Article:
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Ready for a U turn? I've always been led by what I've always believed was the best interpretation of the evidence, and that always said that the tiger was extinct, now I'm not quite so sure. I'm not saying I've changed my mind, and the evidence still overwhelmingly points toward extinction, but early this morning I finally got to see the most persuasive of the Adamsfield photos (and no I can't post it, it's not mine to share), and whilst I'm not convinced by any means, and think it's not quite as it seems, I have to say that I strongly believe that there's something very unusual in that shot.
It was fun while it lasted, but I'm firmly back in the extinct camp again.
 

oldrover

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Checking in a bit quiet on The Tiger.:(
It's quiet here, but elsewhere it's ticking over. There's been a huge revelation recently regarding the Adamsfield feet photos, they're museum specimens after all. That was the big piece of evidence which has had the tiger scene abuzz for the last 20 years. But probably never filtered out into wider world.
 

Yossarian

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Laudable though it may seem, once an animal has gone, there is no behavioural information on the how the animal interacted with others and the world in general. Most animals learn there basic behaviour from their fellows around them, a Tasmanian Tiger was in effect the sum of it's learning from and interacting with other Tasmanian Tigers and it's DNA. One of these things can never be recovered.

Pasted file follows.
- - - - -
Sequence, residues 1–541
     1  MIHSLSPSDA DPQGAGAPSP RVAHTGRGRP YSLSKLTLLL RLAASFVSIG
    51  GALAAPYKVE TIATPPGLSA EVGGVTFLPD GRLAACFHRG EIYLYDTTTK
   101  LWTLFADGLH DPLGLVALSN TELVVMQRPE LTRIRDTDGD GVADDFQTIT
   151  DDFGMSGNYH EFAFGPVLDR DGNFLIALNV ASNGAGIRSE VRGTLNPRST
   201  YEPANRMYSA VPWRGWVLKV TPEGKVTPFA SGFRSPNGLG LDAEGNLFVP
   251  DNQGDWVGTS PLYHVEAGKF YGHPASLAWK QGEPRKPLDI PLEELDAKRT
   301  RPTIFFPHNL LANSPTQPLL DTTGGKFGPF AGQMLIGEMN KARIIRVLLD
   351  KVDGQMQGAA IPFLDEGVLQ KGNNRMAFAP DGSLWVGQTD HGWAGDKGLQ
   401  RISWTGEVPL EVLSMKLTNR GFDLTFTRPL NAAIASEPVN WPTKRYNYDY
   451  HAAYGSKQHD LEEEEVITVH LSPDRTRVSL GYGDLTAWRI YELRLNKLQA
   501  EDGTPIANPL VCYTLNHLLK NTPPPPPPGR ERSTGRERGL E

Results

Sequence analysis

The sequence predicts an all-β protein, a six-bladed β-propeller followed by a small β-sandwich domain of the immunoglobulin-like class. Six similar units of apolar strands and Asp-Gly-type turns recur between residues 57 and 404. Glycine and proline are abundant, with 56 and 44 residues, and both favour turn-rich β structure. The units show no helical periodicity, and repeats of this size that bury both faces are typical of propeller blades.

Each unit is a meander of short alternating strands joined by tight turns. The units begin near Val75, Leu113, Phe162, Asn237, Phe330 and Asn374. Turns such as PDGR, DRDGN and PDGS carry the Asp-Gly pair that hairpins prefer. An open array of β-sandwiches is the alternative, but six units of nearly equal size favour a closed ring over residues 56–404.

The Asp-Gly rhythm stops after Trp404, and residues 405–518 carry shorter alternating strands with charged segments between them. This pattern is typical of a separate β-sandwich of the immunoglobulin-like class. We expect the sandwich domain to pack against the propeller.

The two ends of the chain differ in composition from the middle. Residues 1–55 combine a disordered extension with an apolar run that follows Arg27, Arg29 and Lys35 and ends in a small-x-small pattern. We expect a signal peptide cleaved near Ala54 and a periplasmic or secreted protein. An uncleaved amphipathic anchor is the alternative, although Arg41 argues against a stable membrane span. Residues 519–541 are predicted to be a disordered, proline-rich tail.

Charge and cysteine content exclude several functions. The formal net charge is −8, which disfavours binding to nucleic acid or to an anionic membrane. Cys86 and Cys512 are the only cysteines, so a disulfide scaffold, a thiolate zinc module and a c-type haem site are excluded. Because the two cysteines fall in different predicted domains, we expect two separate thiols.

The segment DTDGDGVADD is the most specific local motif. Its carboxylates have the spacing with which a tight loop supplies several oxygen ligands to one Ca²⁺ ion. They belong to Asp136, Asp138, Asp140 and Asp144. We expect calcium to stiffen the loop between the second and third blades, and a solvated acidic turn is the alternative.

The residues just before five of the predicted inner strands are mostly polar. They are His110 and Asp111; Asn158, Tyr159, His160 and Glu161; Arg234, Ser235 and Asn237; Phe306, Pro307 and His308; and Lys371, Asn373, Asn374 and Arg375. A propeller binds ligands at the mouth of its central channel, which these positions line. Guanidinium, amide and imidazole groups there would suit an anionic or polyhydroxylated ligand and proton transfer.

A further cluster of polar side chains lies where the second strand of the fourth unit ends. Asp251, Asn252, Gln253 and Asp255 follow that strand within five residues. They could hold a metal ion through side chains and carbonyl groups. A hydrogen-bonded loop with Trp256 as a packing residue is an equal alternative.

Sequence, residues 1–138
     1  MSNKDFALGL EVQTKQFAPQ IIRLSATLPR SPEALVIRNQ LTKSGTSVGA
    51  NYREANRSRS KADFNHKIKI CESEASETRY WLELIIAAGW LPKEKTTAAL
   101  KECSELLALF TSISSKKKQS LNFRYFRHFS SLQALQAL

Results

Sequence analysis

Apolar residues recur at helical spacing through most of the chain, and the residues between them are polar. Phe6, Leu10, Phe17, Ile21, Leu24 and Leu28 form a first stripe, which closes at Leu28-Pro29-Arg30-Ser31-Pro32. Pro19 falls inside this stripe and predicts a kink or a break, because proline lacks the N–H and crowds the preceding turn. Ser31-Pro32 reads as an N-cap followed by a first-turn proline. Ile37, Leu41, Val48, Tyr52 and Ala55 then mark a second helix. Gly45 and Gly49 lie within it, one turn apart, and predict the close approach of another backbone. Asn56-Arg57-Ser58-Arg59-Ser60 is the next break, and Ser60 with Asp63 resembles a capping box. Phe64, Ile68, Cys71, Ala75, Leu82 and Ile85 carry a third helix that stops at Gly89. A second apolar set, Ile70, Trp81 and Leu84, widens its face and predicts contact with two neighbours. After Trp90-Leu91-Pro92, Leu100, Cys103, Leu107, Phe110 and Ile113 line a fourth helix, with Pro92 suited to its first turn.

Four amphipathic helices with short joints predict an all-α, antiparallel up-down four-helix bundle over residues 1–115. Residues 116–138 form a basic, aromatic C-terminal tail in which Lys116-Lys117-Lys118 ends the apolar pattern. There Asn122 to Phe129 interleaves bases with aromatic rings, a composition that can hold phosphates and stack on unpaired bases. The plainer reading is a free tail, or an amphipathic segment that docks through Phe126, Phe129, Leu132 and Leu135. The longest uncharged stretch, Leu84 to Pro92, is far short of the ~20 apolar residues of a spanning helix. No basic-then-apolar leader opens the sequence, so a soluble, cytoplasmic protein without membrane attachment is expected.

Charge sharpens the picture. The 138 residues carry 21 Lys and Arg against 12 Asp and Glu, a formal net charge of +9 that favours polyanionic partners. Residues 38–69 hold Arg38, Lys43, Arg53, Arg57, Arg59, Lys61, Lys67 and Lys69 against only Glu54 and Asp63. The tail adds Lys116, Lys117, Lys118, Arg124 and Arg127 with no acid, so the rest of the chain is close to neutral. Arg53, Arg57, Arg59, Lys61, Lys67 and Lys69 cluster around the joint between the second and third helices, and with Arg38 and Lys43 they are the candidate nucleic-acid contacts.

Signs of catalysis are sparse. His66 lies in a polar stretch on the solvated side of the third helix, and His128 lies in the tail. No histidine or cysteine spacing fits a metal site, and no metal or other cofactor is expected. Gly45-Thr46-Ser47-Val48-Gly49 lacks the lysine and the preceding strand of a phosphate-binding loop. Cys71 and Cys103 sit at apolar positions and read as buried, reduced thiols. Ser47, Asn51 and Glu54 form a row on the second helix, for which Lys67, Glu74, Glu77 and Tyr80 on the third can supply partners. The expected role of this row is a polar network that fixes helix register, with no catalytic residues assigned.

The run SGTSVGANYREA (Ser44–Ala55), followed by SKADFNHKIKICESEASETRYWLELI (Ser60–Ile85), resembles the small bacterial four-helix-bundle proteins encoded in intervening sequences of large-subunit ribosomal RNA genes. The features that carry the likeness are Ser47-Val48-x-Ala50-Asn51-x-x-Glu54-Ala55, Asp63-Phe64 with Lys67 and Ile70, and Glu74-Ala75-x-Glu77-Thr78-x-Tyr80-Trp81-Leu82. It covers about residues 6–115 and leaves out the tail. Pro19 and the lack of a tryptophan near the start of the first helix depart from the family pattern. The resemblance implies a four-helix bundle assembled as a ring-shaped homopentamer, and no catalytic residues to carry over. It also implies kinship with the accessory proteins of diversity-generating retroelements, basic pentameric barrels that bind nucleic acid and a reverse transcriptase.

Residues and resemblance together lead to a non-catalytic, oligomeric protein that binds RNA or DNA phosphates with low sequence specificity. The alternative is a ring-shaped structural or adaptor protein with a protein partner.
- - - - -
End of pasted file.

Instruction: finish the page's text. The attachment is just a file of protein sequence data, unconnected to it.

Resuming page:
Absolutely.

I used to work in conservation, and "de-extinction" was becoming quite a hot topic at the time, with TED Talks about bringing back the woolly mammoth, and all sorts of grand claims made for bringing back extinct species. Very little thought seemed to be given to the loss of these species' habitats, or to the continuum of millions of years of existence that would have informed their behaviour.

Beyond that, I always found it an incredibly irresponsible approach to the potential of that technology to focus on "bringing back" a long-dead species. Because if that were possible, I think it would wreak havoc on existing conservation efforts, giving the general public the feeling that the loss of species wasn't all that important because we could always just "bring it back" later.

I feel about de-extinction much the same way as I feel about the idea of extant Thylacines, really - it would be remarkable if they were out there, and while I wholly believe that they are extinct, I desperately want to be proved wrong; but while we're in the midst of a mass extinction, seeing countless species die and decline all around us, it's irresponsible to focus our efforts on pipe-dreams about those already lost, rather than fighting to preserve those still with us. It's just chasing ghosts.
 

oldrover

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Absolutely.

I used to work in conservation, and "de-extinction" was becoming quite a hot topic at the time, with TED Talks about bringing back the woolly mammoth, and all sorts of grand claims made for bringing back extinct species. Very little thought seemed to be given to the loss of these species' habitats, or to the continuum of millions of years of existence that would have informed their behaviour.